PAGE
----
Are quotes only for spoken text? Can I use quotes to emphasize sarcasm, like when somebody physically makes quote symbols with their fingers while reading?
I've only seen people make quote symbols with their fingers while speaking, not reading. If someone's speaking, you already have a set of quotes, you'd have to alternate between single and double quotes to keep them apart.
"As you can see, this 'premium' product is, in fact, a piece of garbage."
Sure, works for me. If you want to know for certain, consult a style guide like the Chicago Manual of Style (only available to subscribers, alas).
Yes, you can absolutely use quotes to indicate sarcasm (or irony).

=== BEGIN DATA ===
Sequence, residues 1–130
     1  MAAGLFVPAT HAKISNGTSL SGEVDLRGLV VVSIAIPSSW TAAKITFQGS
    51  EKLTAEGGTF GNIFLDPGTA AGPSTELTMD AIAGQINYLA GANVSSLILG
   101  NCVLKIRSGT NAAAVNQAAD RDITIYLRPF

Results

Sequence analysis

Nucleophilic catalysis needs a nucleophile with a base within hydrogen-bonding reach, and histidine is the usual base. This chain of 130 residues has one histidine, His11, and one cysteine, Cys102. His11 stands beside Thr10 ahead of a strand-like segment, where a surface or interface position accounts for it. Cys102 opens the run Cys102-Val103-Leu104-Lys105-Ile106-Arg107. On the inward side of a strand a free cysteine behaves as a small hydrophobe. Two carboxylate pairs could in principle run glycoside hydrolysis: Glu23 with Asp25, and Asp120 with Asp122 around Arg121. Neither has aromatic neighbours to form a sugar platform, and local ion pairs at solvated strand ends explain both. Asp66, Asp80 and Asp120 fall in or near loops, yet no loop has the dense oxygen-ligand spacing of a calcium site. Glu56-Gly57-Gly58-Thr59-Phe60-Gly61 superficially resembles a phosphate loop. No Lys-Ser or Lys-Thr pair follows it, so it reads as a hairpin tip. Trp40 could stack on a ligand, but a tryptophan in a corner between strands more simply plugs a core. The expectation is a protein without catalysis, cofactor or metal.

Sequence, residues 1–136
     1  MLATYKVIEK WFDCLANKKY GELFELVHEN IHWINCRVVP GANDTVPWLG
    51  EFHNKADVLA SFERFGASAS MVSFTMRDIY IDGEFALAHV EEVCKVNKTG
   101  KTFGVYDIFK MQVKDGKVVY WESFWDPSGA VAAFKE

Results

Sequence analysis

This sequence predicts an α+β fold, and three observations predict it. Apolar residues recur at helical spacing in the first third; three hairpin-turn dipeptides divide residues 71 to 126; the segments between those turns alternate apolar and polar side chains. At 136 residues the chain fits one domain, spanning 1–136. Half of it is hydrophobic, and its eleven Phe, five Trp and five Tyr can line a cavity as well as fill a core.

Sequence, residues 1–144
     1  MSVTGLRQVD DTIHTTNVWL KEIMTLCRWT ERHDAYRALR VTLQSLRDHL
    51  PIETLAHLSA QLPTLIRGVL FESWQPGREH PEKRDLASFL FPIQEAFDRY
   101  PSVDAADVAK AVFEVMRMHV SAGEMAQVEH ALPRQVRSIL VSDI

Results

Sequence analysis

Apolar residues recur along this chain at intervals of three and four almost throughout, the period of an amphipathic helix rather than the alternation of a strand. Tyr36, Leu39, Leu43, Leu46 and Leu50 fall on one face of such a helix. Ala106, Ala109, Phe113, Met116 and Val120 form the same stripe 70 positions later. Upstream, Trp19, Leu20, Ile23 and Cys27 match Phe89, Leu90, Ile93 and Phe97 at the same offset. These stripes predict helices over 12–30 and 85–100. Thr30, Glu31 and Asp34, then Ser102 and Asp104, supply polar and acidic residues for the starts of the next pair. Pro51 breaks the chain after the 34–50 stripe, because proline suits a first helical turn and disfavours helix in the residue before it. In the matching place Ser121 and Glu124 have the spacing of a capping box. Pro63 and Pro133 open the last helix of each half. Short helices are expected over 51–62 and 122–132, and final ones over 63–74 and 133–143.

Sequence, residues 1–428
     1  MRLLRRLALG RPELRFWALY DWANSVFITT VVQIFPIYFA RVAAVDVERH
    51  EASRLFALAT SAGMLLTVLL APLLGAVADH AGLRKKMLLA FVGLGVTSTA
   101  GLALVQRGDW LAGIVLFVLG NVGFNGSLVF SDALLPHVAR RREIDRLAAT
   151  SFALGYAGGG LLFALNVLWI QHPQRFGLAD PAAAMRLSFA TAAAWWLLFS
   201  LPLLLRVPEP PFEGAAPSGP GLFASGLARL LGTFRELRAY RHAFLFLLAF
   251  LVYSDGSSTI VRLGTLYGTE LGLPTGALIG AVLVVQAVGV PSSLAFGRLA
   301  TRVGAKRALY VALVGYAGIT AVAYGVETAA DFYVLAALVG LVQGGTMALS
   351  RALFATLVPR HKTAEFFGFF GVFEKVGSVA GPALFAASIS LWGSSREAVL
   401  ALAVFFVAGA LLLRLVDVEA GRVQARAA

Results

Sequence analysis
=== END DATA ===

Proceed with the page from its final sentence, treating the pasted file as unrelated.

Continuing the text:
If the sarcasm is in dialogue, you can write it exactly as in Hobbes's example. If you want to have the additional stage business of the speaker making air quotes, you can do that too, but most readers will understand what the sarcastic quote marks mean.
If the sarcasm is in prose, you would use double quotes in the same manner.
The audience can see the "twist" coming a mile off.
Definitely use the quotes, and don't forget about this '⸮' as punctuation.
Can you? yes Should you? No
Sarcasms and jokes are meant to amuse the readers.
And the way to amuse the readers is to let them discover things for themselves.
No one ever says.. "Hey get ready everyone... get ready to laugh, because I am about to tell you one funny joke."
The reason no one does that is because everyone knows that's how you kill a joke.
Sarcasm is the same way...
protected by Cyn♦ Sep 26 at 14:12
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